3. Place the dough in your palm and pinch the seam shut
4. Flip the dough over and round it on your work surface until the seam shuts
Commercial yeast has a shelf life. Make sure your yeast is not past its expiration date before you make these rolls.
Absolutely, just make sure you bloom your active dry yeast in the milk and sugar before mixing into the dough.
Yes! Use the following substitutions to make vegan rolls:
Milk: apple juice, water, plain plant-based milk
Egg: applesauce, pumpkin puree or cooked, mashed potato
Butter: olive oil, vegetable oil, coconut oil or vegan butter
Egg wash: melted butter and maple syrup
Honey: maple syrup or sugar
Dough handling can really depend on the baker. I’m quite used to kneading wet, sticky dough. But if your dough feels too sticky, don’t be afraid to dust a little flour on your work surface. I find that letting the dough rest for 10 to 15 minutes before continuing to knead makes it much easier to handle.
These rolls are a great side for Thanksgiving or Christmas. You can also serve them with bbq, grilled meats, or as the base for breakfast sandwiches or sliders.
Absolutely! To use a mixer, combine the ingredients in the bowl of a stand mixer. Start with a paddle attachment to stir the ingredients together. Once the dough appears cohesive, switch to a dough hook and mix until the dough clings to the hook and away from pulls away from the sides. Round the dough into a ball and proof.
More sourdough bread recipes
Did you make this recipe?
Please leave a star rating and review this recipe if you enjoyed it! I read all the comments and love hearing your feedback.
Sourdough Discard Rolls Recipe
- pastry brush
- 9 by 13 baking pan
- 420 grams all-purpose flour
- 60 grams whole wheat flour
- 10 grams salt
- 7 grams instant yeast
- 113 grams sourdough discard
- 169 grams milk
- 1 large egg
- 56 grams unsalted butter softened
- 28 grams honey
- 1 egg
- Pinch of salt
- Make the dough: Combine the ingredients in a large mixing bowl. Stir with a spatula or wooden spoon until the mixture forms a shaggy dough and no traces of dry flour remain. Cover the bowl with plastic wrap and let the dough rest for 30 minutes, this rest period will make the dough much easier to work with.420 grams all-purpose flour, 60 grams whole wheat flour, 10 grams salt, 7 grams instant yeast, 113 grams sourdough discard, 169 grams milk, 1 large egg, 56 grams unsalted butter, 28 grams honey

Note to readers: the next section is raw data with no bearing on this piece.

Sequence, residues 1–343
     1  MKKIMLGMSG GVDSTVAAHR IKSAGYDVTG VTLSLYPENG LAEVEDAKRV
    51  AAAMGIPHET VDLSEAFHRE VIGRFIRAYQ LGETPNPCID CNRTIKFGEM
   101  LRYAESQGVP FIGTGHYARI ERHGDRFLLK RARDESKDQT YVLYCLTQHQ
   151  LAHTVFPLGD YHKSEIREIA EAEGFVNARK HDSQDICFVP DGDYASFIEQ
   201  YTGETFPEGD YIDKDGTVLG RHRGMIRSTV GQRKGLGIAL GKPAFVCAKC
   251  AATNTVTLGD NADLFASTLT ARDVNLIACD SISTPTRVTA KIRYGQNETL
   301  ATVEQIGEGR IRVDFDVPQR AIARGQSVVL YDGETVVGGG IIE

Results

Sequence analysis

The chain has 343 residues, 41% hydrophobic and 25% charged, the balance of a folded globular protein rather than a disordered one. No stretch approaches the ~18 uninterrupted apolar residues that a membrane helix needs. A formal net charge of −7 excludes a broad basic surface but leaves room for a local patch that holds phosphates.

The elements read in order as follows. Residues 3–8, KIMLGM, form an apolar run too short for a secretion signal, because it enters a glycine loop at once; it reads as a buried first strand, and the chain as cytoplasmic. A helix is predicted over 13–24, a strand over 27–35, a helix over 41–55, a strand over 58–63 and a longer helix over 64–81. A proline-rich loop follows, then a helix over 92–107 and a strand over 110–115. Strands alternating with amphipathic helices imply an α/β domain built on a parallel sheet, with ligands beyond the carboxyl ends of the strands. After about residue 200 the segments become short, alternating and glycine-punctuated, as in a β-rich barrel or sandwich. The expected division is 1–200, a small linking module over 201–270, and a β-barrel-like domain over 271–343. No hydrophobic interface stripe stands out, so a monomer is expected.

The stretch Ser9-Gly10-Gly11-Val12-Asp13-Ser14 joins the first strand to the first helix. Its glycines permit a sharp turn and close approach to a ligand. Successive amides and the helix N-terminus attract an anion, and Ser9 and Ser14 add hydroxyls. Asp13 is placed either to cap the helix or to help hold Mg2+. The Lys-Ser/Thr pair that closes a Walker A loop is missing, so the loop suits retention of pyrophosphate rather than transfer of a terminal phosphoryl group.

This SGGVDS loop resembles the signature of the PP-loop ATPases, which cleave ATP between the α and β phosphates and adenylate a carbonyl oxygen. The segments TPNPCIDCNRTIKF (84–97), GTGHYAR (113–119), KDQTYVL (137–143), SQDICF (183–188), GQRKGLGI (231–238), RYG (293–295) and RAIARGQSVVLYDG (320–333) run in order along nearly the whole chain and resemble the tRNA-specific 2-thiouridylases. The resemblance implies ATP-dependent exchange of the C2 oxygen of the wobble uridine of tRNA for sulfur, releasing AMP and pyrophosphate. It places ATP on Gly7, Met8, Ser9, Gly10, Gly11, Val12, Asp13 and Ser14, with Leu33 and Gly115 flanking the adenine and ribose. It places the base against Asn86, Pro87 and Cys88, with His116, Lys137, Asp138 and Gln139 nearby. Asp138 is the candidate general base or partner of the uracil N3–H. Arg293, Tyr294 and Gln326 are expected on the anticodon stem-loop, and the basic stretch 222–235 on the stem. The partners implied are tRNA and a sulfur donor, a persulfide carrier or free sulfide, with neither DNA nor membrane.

- Knead the dough: Turn the dough out on a clean work surface (you shouldn’t need to flour, but if your dough feels too sticky feel free to use a little bit of bench flour). To knead the dough, hold the bottom of the dough with your fingertips, fold the dough over itself, then push it out using the heel of the palm of your hand. Repeat until the dough looks cohesive, smooth and passes the windowpane test.
- First rise: Round the dough into a tight ball and place it in a clean, lightly-oiled bowl. Cover with plastic wrap and let the dough rise until doubled in volume, about 45 minutes to 1 hour.
- Shape the dough: Punch the dough down to release the air. Divide the dough into 15 equal pieces. Round each portion into a tight ball, and arrange the dough balls on a parchment-lined baking sheet in a 5 by 3 pattern.
- Final proof: Cover the baking sheet with plastic wrap and let the dough rise until the rolls fill the baking pan most of the way, about 30 to 45 minutes.
- Prep: When your rolls are close to being fully proofed, preheat your oven to 350 F.
- Egg wash: Beat the egg and pinch of salt together. Using a pastry brush, brush the tops of your dough with egg wash.1 egg, Pinch of salt
- Bake: Bake the rolls for 20 to 25 minutes or until the rolls are golden brown and register at at least 190 F when probed with an instant-read thermometer.
- Store: Store any leftover rolls in an airtight container at room temperature for up to 3 days.